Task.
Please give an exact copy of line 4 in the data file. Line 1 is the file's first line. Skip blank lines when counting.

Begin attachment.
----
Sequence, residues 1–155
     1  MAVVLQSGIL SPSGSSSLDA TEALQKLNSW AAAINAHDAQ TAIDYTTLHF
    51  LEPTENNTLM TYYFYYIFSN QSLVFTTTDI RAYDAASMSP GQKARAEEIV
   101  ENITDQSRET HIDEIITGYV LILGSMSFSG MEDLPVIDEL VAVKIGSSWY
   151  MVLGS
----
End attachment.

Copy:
   101  ENITDQSRET HIDEIITGYV LILGSMSFSG MEDLPVIDEL VAVKIGSSWY